Wednesday, June 2, 2010

Cookham's Wartime Factory.

Cookham's Wartime Factory.
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Most of you are aware of a famous vacuum cleaner company called Hoover. During the war this company like so many other appliance manufacturers had to turn to making parts for the war effort.
The Cookham sub assembly work was carried out in the very large garage that was part of the King's Arms Hotel. I did illustrate its position on my blog dated 25th of October 2008. Of course all of this has been altered and built over now.
The work in this local factory was to assemble 24 volt DC motors and generators for use in fighters and bombers for the Royal Air Force. Depending on what was being produced at the time those ladies of the village use to fit maybe one or two parts and then pass it down the line to the next lady, each one knowing what they had to do. Finally when it was complete it went to a test bench where it was checked that the output was according to specifications. It was found that to train an unskilled labour force how to one or two simple tasks was easier and more efficient than trying to get someone to assemble the whole unit. It also had been long recognised that ladies do not mind doing repetative production line work, while having a chance to chat to their neighbouring co-workers on the line. All this information I was able to glean from my one time mother-in-law who worked in that factory.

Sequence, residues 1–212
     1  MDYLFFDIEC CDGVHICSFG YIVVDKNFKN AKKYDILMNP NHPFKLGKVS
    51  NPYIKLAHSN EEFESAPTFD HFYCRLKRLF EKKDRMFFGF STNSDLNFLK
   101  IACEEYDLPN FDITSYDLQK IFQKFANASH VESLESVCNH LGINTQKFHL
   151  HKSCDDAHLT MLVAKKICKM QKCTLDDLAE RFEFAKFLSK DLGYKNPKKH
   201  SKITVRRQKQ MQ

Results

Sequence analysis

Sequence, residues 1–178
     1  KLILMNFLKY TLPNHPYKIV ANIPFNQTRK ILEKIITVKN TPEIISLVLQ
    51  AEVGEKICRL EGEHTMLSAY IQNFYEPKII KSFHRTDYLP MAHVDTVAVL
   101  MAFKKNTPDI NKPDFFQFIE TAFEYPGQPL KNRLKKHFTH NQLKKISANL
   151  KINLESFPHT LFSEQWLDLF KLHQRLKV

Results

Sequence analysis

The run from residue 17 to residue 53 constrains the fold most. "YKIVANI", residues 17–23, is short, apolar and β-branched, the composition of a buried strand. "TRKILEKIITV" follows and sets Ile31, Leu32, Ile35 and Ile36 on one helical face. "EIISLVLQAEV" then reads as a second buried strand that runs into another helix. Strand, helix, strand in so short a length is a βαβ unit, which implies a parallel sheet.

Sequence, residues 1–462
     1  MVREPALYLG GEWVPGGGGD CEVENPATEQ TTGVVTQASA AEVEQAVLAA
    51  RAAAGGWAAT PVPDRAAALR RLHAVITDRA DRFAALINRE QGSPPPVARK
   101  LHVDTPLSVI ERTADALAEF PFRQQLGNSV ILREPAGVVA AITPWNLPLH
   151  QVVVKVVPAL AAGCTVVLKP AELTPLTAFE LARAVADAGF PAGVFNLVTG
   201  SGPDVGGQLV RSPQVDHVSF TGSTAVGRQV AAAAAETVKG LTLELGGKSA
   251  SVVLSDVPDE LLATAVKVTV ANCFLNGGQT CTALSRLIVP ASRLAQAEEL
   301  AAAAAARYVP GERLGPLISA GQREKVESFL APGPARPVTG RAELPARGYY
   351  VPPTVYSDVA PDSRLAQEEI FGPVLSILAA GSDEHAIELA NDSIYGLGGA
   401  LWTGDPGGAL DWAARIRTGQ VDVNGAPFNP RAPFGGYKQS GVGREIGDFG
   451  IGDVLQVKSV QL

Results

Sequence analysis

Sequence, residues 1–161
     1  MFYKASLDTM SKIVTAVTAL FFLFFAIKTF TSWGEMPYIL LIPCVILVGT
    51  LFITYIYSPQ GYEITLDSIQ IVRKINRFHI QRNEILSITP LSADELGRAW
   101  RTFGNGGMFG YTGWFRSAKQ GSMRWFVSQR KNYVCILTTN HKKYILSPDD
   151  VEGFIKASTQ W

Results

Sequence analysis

In the photograph above you can see the production line benches and bar stools that the ladies use to sit on. On the bench in the foreground you can see some of the electric motors and generators ready to be packed for shipment.
Even in production lines today the same methods of assembly are caried out by ladies, though robots are gradually taking over as speed and accuracy now seem to be the norm. The soldering iron has been replaced by the wave soldering unit.